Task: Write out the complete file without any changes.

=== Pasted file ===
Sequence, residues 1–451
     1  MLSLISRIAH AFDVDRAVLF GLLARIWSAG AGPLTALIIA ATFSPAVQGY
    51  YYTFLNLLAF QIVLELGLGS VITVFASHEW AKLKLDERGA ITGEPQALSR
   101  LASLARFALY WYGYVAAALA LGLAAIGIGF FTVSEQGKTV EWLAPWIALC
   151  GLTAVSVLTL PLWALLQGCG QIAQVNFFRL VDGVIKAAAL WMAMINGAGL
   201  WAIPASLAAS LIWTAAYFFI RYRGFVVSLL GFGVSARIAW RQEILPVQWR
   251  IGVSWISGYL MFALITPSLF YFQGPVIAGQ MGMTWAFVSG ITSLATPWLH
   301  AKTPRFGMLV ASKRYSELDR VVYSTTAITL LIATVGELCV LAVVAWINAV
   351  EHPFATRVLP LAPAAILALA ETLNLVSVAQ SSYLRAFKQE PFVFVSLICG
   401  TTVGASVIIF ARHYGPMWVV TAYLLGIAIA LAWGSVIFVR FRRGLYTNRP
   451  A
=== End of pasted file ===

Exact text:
Sequence, residues 1–451
     1  MLSLISRIAH AFDVDRAVLF GLLARIWSAG AGPLTALIIA ATFSPAVQGY
    51  YYTFLNLLAF QIVLELGLGS VITVFASHEW AKLKLDERGA ITGEPQALSR
   101  LASLARFALY WYGYVAAALA LGLAAIGIGF FTVSEQGKTV EWLAPWIALC
   151  GLTAVSVLTL PLWALLQGCG QIAQVNFFRL VDGVIKAAAL WMAMINGAGL
   201  WAIPASLAAS LIWTAAYFFI RYRGFVVSLL GFGVSARIAW RQEILPVQWR
   251  IGVSWISGYL MFALITPSLF YFQGPVIAGQ MGMTWAFVSG ITSLATPWLH
   301  AKTPRFGMLV ASKRYSELDR VVYSTTAITL LIATVGELCV LAVVAWINAV
   351  EHPFATRVLP LAPAAILALA ETLNLVSVAQ SSYLRAFKQE PFVFVSLICG
   401  TTVGASVIIF ARHYGPMWVV TAYLLGIAIA LAWGSVIFVR FRRGLYTNRP
   451  A